What a recharacterization is
Generally speaking, a recharacterization moves money from a traditional IRA to a Roth IRA—or vice versa. More specifically, it changes the designation of a specific contribution from one type of IRA to the other.
Recharacterizations are tax-reportable and could be complicated. We recommend that you review this strategy with a qualified tax advisor to weigh the tax benefits and ensure everything is reported properly.
Why you might recharacterize an IRA contribution
To change a contribution from a traditional IRA to a Roth IRA
You may have contributed to a traditional IRA because you thought your income was going to be too high to be eligible for a Roth IRA contribution. But if your income ended up being lower than you expected, you may prefer to take advantage of the Roth IRA.
A recharacterization lets you move that year's contribution to a Roth IRA, which offers the ability to take tax-free withdrawals in retirement.*
To change a contribution from a Roth IRA to a traditional IRA
You may have contributed to a Roth IRA, but while preparing your tax return, you realize that either:
- Your income was too high to qualify for a full Roth contribution.
- You'd benefit more from an immediate tax deduction on a traditional IRA contribution.
A recharacterization lets you move that year's contribution—in whole or in part—to a traditional IRA.
OF RELATED INTEREST
Find out what to do if you contribute too much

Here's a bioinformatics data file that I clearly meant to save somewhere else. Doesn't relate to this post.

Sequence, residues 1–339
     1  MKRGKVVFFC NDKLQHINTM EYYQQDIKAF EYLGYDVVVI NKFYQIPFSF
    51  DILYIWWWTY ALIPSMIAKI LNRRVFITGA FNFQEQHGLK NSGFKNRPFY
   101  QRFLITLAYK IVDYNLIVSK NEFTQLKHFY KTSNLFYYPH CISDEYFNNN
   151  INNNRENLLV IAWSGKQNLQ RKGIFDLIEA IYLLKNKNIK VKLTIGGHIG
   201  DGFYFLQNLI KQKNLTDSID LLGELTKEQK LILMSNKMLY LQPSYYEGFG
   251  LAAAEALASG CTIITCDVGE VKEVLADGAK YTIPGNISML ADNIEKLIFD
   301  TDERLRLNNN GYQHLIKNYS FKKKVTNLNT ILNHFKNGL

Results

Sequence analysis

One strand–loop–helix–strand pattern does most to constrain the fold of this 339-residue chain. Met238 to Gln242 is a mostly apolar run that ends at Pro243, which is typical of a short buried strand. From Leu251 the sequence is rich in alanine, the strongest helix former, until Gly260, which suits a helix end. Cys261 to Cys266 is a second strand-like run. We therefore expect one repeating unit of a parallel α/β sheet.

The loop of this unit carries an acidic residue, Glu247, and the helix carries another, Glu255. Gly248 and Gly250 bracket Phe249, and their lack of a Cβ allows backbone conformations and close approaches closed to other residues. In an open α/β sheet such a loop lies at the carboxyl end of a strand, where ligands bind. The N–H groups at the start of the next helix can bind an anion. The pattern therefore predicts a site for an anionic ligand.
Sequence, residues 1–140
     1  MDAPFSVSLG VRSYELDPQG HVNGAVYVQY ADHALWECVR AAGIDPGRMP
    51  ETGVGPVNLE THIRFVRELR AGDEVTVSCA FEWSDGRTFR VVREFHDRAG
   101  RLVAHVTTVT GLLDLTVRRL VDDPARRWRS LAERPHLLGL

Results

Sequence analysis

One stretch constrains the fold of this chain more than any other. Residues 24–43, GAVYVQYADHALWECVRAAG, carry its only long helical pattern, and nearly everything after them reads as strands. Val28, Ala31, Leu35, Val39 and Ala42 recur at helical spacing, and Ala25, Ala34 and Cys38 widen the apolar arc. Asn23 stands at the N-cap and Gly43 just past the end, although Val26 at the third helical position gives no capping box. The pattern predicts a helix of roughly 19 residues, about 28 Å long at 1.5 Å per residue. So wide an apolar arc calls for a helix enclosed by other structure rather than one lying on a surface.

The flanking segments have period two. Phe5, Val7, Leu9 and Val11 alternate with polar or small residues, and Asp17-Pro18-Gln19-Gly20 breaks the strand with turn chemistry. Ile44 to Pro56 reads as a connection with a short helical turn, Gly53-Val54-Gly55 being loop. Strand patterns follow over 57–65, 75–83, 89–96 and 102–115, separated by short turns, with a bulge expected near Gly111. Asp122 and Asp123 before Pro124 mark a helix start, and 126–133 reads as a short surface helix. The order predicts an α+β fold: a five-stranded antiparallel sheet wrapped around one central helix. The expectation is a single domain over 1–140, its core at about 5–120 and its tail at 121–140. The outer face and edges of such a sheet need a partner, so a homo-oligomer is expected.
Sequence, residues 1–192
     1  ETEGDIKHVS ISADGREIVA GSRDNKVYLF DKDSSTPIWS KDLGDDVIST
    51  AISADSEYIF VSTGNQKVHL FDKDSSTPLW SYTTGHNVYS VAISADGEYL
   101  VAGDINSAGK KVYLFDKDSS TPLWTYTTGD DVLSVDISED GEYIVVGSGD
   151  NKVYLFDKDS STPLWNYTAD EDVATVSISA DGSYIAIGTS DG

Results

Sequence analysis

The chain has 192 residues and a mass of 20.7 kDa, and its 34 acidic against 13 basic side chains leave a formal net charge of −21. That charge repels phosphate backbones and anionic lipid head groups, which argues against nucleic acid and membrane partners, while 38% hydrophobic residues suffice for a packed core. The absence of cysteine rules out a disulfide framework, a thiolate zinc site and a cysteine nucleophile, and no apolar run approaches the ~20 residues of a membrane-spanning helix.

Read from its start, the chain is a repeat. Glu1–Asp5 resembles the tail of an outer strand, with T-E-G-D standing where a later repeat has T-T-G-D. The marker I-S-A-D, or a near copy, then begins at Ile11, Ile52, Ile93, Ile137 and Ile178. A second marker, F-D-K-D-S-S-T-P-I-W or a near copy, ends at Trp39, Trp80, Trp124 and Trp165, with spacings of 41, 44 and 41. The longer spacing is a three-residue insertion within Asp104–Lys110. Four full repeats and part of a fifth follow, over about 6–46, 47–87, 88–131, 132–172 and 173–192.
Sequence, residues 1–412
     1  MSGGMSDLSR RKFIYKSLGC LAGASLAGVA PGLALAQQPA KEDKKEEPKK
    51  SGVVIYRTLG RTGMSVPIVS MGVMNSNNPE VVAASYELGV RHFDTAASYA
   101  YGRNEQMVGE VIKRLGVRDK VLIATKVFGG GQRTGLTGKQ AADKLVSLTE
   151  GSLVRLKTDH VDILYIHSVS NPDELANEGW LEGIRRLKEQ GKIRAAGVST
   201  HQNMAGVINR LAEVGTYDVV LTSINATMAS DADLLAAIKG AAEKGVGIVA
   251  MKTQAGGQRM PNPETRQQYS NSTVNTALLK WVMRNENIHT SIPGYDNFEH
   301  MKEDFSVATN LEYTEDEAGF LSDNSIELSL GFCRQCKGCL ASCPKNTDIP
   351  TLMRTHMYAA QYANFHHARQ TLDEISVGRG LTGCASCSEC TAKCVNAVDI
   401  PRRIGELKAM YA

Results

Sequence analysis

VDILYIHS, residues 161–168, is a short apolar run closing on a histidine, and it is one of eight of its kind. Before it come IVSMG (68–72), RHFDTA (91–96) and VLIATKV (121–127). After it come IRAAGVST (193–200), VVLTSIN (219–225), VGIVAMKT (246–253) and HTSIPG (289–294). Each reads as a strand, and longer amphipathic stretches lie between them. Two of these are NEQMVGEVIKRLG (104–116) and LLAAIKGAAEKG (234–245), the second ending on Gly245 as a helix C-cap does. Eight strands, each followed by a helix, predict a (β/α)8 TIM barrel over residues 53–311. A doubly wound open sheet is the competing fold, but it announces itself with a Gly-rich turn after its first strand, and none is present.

When to complete your IRA contribution recharacterization
Your contribution must be recharacterized on or before your tax-filing deadline for the year for which it was made.
The IRS generally provides an extended time frame—until October 15—to complete your recharacterization. (You may be required to file an amended return at that time.)
How are recharacterization earnings/loss calculated?
Vanguard has adopted the method set forth in IRS Notice 2000-39 and Proposed Regulations 1.408-11 to calculate the earnings or losses for a recharacterization.
The calculations are based on ALL assets in your IRA plan, not just the fund contributed to. For partial recharacterization, the client may choose the date(s) of the original contribution that they would like to be used in the calculation for earnings/loss.
Additional information and examples can be found at irs.gov under IRS Publication 590-A, Contributions to an IRA. For a more detailed explanation of publication 590-A and examples of how to calculate your own earnings or loss please visit the IRS website.
A chart to help with earnings/loss calculation can be found on that webpage under "Worksheet 1-3. Determining the Amount of Net Income Due to an IRA Contribution and Total Amount to be Recharacterized"
How to request a recharacterization
You can complete most recharacterization using the IRA Recharacterization Form below. Or you can call one of our experienced retirement specialist at 800-205-6189 for live help.
Remember, a Roth conversion completed after December 31, 2017, can no longer be recharacterized back to a traditional IRA later.
Open your IRA today
Open your IRA today
*Withdrawals of Roth IRA contributions are generally tax-free and penalty-free. But if you're under age 59½ and your withdrawal dips into your earnings—in other words, if you withdraw more than you've contributed in total—you could be subject to both taxes and penalties on the earnings portion of the withdrawal.
All investing is subject to risk, including the possible loss of the money you invest.